• Things To Do in Tokyo After the Pandemic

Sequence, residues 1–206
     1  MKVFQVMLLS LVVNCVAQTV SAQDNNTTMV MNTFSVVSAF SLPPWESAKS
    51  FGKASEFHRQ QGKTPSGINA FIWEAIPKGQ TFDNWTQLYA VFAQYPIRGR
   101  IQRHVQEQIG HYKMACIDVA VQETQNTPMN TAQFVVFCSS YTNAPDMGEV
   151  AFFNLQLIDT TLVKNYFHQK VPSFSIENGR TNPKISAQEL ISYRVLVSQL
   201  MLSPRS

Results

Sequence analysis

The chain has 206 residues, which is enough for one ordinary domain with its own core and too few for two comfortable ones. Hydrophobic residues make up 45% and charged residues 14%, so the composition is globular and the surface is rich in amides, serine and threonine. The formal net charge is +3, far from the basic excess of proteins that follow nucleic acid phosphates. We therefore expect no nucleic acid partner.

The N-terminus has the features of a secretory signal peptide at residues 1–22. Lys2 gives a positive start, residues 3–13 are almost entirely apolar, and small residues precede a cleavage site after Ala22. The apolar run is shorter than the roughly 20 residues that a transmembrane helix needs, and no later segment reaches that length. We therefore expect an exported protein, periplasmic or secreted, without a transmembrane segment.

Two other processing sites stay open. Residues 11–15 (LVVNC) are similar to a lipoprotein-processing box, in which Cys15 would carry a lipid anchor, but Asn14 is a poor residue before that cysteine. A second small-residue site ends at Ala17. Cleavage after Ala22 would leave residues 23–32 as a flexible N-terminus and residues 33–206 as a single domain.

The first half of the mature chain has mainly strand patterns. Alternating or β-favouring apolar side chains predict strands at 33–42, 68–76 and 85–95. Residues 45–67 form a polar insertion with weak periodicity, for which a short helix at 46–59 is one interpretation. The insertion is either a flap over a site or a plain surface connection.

Possibly one of the most fascinating and unique cities in the world, Tokyo is known for several reasons that either make it entirely loveable or slightly strange to the foreign eye. This city has a lot to offer and we have categorized some possible activities for your Tokyo adventure!   Crazy Cute Cafes  Animal cafes are the perfect place for a hot drink and a warm cuddle with pets. Tokyo has an array of choices based on your favourite animals. You can go for the classic cat and endearing dog cafes. These are priced as quality experiences because of the upkeep and care provided to the animals.  Temari no Ouchi, Cat Cafe Image Credit: Temari no Ouchi A unique cat cafe with decor like no other, the fun environment really allows you to watch the cats explore their environments. This place is extremely popular so make sure to reserve your place early! Address: 〒180-0004 Tōkyō, Musashino-shi, 吉祥寺本町Kichijōji Honchō, 2 Chome−13−14 Hours: 10am to 9pm Daily Fee: Y1200/60 min (no drinks) If you find reptiles, tortoises, and hedgehogs cute and prefer these funny friends over furry animals, then Tokyo’s cafe scene will not disappoint. An experience in Tokyo would not be complete without a trip to these utterly fascinating establishments. Tourists who do not consider themselves animal fans might even find themselves surprised by the fun and endearing experience these cafes can create. Harry Cafe, Hedgehog Cafe Image Credit: Harry Cafe  An extremely popular cafe, Harry is the first hedgehog cafe in the world! The staff at Harry encourage visitors to find their perfect hedgehog pair based on personalities and compatibility, making every experience unique. Address: Iwahori Building 2F, 6–7–2 Roppongi, Minato-ward, Tokyo Hours: 12pm to 8pm Daily (Last entry: 7.30pm)  Fee: 1400 yen~/30 min Owl Village Image Credit: Owl Village Harajuku In Japan, the owl has always been viewed as a symbol of good fortune and love. At Owl VIllage, owls are considered to exude healing and stress-relieving energy. This is a highly optimistic cafe to visit and the workers encourage positive experiences through various courses if a simple visit is not enough. Owl Village has branched out to three stores due to popular reaction and interest. Address: 150-0001, 4F HARAJUKU-ATM Building, 21-15, ​Jingumae 1 Chome, Shibuya-ku, Tokyo Hours: 11am to 8pm Daily (Last entry: 7.30pm) Fee: 1500 yen~/60 min (limited time offer)- includes one free drink, one glass craft souvenir, and play with the owls   Restaurants Japan is known for its love story with seafood, this will make any searches for halal food very easy! Seafood and sushi are on offer nearly everywhere and for very affordable prices. But if you're craving some halal meat then Japanese, Korean and Indian food are also available. Halal Wagyu Yakiniku PANGA  Image Credit: Halal Wagyu Yakiniku PANGA As the name suggests, this restaurant is halal and doesn’t let Muslim visitors miss out on eating traditional Japanese and Asian food. The restaurant offers barbeque dishes where you pick the cut and do the grilling. If this isn't your style there are also Korean and national options. Halal Status: Halal Certified Address: 3-27-9 Taito, Taito 110-0016 Tokyo Prefecture Hours: Mon - Sat: 11.30am to 2pm; 5pm to 11pm Ninja Akasaka Photo Credit: Ninja Akasaka Japan is known for its long history of martial arts and stealthy ninjas. Although ninjas only ever wore their iconic outfits in the dark to blend with the night, ninja cafes are now an attraction tourists can enjoy. The cafe incorporates the underground and spying elements of being a ninja in the decor of the cafe to create an immersive experience for guests. This restaurant/cafe is considered one of the best restaurants not only for its food but for the whole experience that is entirely ninja-tastic! The ninja experience begins before you even step foot into the restaurant as the entrance is well-hidden, as all Ninja hiding spots should be. Photo Credit: Ninja Akasaka Website You may struggle to find the place, but once you are in, ninja magicians and ninja chefs will serve you elite dishes. Halal Status: Has halal and vegetarian options, but serves alcoholic beverages. Eat at your own discretion. Address: 2-14-3, Nagatacho, Chiyoda-ku, Tokyo, Tokyu plaza Akasaka 1F Hours: Mon - Sat: 5pm to 1am (Last entry: 10.30pm) Sun & Holiday: 5pm to 11pm (Last entry: 9.45pm) Price: 7,000 yen - 15,000 yen (Dinner) Sakura Tei (Muslim Friendly) Photo Credit: Harajuku.jingumae on Instagram  This place is the definition of a restaurant to explore the senses. The food is paired with a visual experience of art and cool installations. The restaurant seats over 200 people, so the space is grand and the food choice is limitless. There are Muslim-friendly suggestions, vegetarian, vegan, and even gluten-free options. Unsurprisingly, this restaurant has recurrently won Tripadvisor excellence awards. Halal Status: There are muslim-friendly options (seafood and vegetarian), however the place does serve pork and non-halal beef. Eat at your own discretion.  Address: 3-20-1 Jingumae, Shibuya 150-0001 Tokyo Prefecture Hours: 11am to 1pm Daily (Last order: 10pm) Standing Sushi Bar Photo Credit: Uogashi_nihonichi on Instagram  This may seem strange to people who come from cultures that spend hours at the dinner table, but this dine-and-go experience is affordable, serves fresh sushi, and is available almost everywhere in Tokyo, so why miss out? Halal Status: Not certified halal. Eat at your own discretion. Address: Up to 20 locations Hours: Mon – Fri: 10.30am to 11pm Sat, Sun & Holidays: 10.30am to 9.30pm Price: Eat for less than 1400 yen   Experience Tokyo Step out onto the Shibuya crossing Photo Credit: Koukichi Takahashi on Unsplash Tokyo is the most populous metropolis in the world and the Shibuya crossing is evidence of this. At the axis of many shops, restaurants, cafes, and workplaces, Shibuya crossing is on the way to many pedestrian destinations. Busiest times: 3pm to 6pm Photo Credit: Ryoji Iwata on Unsplash The best bird's eye views include Mag’s park which is on a roof terrace of the building Magnet by Shibuya (there is an admission fee). The highest building around Shibuya is Shibuya Sky and will require some negotiating to get to the top. The easiest and most wallet-friendly location is the Starbucks Shibuya Tsutaya branch – be prepared for large crowds because it is extremely busy.   Nestle with Nature Tokyo’s legacy is a beautiful world of nature, architecture, and infrastructure built around what the natural landscape has to offer. The history of China and Japan is reflected in a lot of these gardens as philosophy, art and academia have all influenced the designs of the architecture. Rikugien Garden Photo Credit: Toshi_Tokyo on Flickr Considered to be Tokyo’s most beautiful landscape garden, this garden preserved the promenade paths of the Edo period. Although a few infrastructural inclusions such as the hills and bridges are man-made, the garden aimed to compliment and preserve nature, in the most sincere form. Address: 6 Chome-16-3 Honkomagome, Bunkyo City, Tokyo 113-0021, Japan Hours: 9am to 5pm Koishikawa Korakuen Garden Photo Credit: Guilhem Vellut on Flickr This historic garden was built for the Tokugawa family, a powerful Japanese ruling family, in commemoration of Japanese poetry and art. The colours of the leaves and nature in this garden are resplendent. Every season offers different natural wonders – cherry blossoms in early Spring, the plum season in late Winter, and the shades of auburn and reds in Autumn. Address: 1 Chome-6-6 Koraku, Bunkyo City, Tokyo 112-0004, Japan Hours: 9am to 5pm Mount Takao Photo Credit: Trang Pham on Flickr Mount Takao overlooks Tokyo and is one of the closest mountainous reserves to the city. There are numerous hiking trails surrounded by organic Japanese nature. The mountain is 599 meters high, making it a manageable day trek upwards to enjoy the spectacular views. There is also a cable car lift that takes visitors up halfway.   Heritage and History Hour Imperial Palace Photo Credit: Svetlana Gumerova on Unsplash Walk a mile in royal shoes by visiting the Imperial Palace. The palace is composed of many buildings surrounded by a large park. Although it is not the original, it is an exact copy of the traditional palace. It is recommended to take tours which are held daily and will provide a lot of insider information. Address: 1-1 Chiyoda, Chiyoda City, Tokyo 100-8111, Japan Hours: Tues – Sat: 9am to 11.15am ; 1.30pm to 2.45pm Sensō-ji in Asakusa Photo Credit: Josh Soto on Unsplash This ancient Buddhist temple built in 645 AD necessitates a visit with its stunning bright red facade and impressive iconic roofing. A 200-meter shopping street is now a place for street food and souvenirs, when it was originally home to a bustling market. Address: 2-3-1 Asakusa, Taito City, Tokyo Hours: 6am to 5pm (opens at 6.30am from October to March) Ueno Park Photo Credit: Manuel Cosentino on Unsplash Once upon a time, the sacred grounds of the Kaneiji Temple, Ueno Park was believed to protect Tokyo from evil. After centuries of war and disturbances, Ueno Parks stands today as the grounds of heritage and history. Many of Tokyo’s shrines and museums can be found all around Ueno Park including The Tokyo National Museum, the National Museum for Western Art, the Tokyo Metropolitan Art Museum, the National Science Museum, and the Ueno Zoo. Address: Japan, 〒110-0007 Tokyo, Taito City, Uenokoen, 8, 5−20・池之端三丁目 Hours: 5am to 11pm Daily   Appreciate the Arts The arts in Japan are both distinctive and special; you cannot run out of things to enjoy in Tokyo! Studio Ghibli Museum via Giphy Possibly the Disney of Japan, Studio Ghibli creates heartwarming, profound films that have taken the world by storm. A visit to this museum will take you down memory lane and also allow you to experience the behind-the-scenes of creating movies. Enjoy the special exhibitions or, if you have time, sit through one of your favorite films. Photo Source: Studio Ghibli Museum Website Address: 1 Chome-1-83 Shimorenjaku, Mitaka, Tokyo 181-0013, Japan Fees: 1,000 yen for adults; 700 yen for 13-16yrs, 400 yen for 7-12 yrs. Kabuki-za Photo Credit: Ton Hooster on Flickr Kabuki is the distinctive traditional dance dramas that rose to popularity in the late Edo period. It was originally acted only by women but a law change made it illegal for women to act. Nowadays it is performed exclusively by men, and visitors can catch shows at theatres. Kabukiza Theatre offers English subtitles and explanations with context. Address: 15 12, 4-chōme, Ginza Chuo City, Tōkyō-to, 104-0061, Japan Akihabara Photo Source: Wikimedia Commons Akihabara is a district in Tokyo known for its wild world of anime, manga and collectibles, arcades, and much more. There's something for everyone so don't be deterred by things you are not used to. Japan has always been ahead with electronics and games so make sure to check out the electronics emporium and arcades with original games. If you are an anime and manga fan then Akihabara is the place to go for cheap collectibles and discounted deals. There are also robot cafes for a futuristic experience, cosplay photoshoot studios, and Buddhist cuisine. The quirky and crazy artistic choices are truly endless!   Be Fashion Forward Nakameguro and Daikanyama Photo Credit: Jeanbean30 on Flickr The fashionable districts of Tokyo are where all the young and culturally trendy individuals go to spend their time off. Meguro river has a beautiful natural display of Sakura trees in the winter-spring months, with April being the best month. These neighborhoods merge the traditional, the modern, and the quirky. There are sophisticated upmarket and boutique shops that people have compared to being a ‘little Brooklyn’ alongside preserved shrines and modern glass buildings. Address: Nakameguro and Daikanyama areas ...